Monday, February 17, 2020

Bass player Max Gerl, heading quartet, salutes Georgian capital in 'Tbilisi'

The Georgian capital is spelled two different ways on the jacket for this
Bass is the place: Max Gerl shows mastery of plugged-in and unplugged kinds.
disc (Dolfin Records), and I chose to go with Tbilisi, which online occurred more than "Tblisi." The three I's have it. 

That's the only conspicuous error in this release on a Dallas-based label. The music inside is engaging. Max Gerl is a bassist of great facility and expressive range, especially on the electric instrument.

 "Tbilisi" as a title tune on this short disc shows off his colleague on tenor sax, Aaron Shaw, in busy dialogue with drummer Mike Mitchell. When it's time for the leader to take the spotlight, his drive and wealth of fast-paced ideas are immediately evident.

Gerl's acoustic bass states the tune of "It Happened to Me" and the piano sits out for a while while the trio fills the room edge to edge a la Ornette Coleman. Paul Cornish makes up for lost time once the piano gets involved.

On "Suntrip,"  Shaw's tenor, whose distinctiveness I admire for the most part, reveals a limitation in tone for this kind of cosmic exploration. He displays a broad sound that suits the piece, but little depth. Three monstrous Coltrane-like dimensions are called for in this sort of thing, and Shaw doesn't command them.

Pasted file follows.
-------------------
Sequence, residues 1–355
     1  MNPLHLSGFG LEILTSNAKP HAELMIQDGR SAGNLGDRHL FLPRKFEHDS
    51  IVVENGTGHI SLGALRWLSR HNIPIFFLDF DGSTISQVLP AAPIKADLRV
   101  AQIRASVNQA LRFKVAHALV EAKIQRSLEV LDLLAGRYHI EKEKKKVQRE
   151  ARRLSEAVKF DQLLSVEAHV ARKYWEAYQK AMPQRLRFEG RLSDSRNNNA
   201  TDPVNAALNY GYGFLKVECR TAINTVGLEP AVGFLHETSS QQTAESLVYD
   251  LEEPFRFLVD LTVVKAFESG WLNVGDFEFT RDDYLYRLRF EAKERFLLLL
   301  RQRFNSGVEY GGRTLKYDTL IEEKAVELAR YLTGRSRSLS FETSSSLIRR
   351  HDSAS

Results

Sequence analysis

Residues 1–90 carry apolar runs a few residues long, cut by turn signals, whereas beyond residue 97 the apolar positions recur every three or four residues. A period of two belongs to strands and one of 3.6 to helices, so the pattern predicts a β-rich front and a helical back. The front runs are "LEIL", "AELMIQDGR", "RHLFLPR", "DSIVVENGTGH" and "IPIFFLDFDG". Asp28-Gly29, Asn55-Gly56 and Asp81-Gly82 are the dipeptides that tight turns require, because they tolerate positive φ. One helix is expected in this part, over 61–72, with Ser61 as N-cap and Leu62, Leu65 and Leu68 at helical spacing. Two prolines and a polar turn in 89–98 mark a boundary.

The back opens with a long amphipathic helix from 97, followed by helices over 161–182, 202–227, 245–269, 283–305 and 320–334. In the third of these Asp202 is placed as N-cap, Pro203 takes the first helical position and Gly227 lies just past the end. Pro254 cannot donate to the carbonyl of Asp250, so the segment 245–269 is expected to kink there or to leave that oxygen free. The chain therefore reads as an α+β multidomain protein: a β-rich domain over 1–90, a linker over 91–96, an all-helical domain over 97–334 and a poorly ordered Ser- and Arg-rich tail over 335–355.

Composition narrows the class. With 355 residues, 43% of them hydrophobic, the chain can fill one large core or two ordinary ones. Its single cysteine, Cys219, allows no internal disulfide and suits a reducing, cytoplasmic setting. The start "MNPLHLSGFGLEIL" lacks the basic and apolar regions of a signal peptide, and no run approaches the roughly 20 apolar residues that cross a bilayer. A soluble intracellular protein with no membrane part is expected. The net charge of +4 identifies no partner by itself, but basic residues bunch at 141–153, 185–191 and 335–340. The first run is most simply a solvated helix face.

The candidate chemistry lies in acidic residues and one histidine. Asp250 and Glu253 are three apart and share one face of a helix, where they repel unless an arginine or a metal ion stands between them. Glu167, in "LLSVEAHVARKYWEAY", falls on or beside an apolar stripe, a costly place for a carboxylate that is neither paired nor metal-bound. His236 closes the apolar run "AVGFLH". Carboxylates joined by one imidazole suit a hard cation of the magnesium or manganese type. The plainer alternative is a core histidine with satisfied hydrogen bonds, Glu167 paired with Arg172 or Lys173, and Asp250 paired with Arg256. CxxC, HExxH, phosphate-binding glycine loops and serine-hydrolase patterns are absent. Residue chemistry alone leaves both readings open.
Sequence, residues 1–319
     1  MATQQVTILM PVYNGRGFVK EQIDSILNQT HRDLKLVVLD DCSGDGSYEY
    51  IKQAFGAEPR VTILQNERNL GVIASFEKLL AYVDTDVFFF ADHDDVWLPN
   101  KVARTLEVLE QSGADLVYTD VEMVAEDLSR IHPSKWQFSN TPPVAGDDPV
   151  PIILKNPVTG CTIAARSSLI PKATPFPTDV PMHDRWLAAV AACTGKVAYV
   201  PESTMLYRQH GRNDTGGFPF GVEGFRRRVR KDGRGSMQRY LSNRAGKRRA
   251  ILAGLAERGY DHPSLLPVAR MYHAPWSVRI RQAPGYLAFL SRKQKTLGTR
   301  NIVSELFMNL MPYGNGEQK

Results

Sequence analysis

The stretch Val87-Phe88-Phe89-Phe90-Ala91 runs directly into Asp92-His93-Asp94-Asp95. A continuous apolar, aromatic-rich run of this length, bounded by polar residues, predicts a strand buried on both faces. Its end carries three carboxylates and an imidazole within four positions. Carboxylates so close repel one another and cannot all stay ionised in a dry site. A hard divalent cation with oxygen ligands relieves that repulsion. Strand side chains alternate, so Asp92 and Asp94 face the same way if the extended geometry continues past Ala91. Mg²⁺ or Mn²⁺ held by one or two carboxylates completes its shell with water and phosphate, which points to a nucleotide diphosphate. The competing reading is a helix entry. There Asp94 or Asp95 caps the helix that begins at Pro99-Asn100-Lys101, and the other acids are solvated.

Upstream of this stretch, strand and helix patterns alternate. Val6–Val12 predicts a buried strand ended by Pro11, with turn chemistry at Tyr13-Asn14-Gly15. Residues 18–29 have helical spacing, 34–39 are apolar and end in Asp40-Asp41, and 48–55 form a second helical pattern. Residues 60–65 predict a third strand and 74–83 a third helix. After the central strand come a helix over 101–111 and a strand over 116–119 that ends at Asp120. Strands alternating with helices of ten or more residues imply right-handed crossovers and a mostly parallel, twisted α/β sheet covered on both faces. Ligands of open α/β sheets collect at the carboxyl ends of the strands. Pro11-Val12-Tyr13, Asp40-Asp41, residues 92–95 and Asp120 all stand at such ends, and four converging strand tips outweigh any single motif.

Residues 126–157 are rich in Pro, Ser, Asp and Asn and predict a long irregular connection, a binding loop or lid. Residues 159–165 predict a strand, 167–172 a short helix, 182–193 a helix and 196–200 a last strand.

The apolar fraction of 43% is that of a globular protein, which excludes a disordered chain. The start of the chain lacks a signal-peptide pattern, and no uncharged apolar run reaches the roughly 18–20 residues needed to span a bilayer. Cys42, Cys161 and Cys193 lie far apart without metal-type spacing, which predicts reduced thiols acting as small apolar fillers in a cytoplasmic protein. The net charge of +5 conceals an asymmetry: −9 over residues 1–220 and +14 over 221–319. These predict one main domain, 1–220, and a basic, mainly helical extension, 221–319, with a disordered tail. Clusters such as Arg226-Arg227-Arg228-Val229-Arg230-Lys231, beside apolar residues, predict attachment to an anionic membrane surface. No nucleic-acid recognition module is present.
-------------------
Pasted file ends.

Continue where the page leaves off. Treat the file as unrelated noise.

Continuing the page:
The finale, "Counter," opens with a short figure introduced by the piano, joined hand-in-glove by the sax; then it settles into a heady pace sustained by the quartet in full cry. There's another fine solo by the leader, his electric bass unfolding phrases in nimble octaves. The pianist picks up on the obsessive nature of the tune's opening figure in his solo. The ensemble restates the head material, and, though I'm normally no fan of fadeouts, resorting to that practice here seems just about right, giving the listener a chance to exhale.

It may be more a matter of taste than a persistent flaw that the recording quality seems acoustically flat and unresonant. There are silences that don't hang in the air naturally, as if the engineer intentionally cut the microphones right after a note's release. Fans of the piano may particularly be aware of its shallowness and lack of tonal bloom. If you adjust your ears to that quality, however, there is much to enjoy musically over the course of this concise program.

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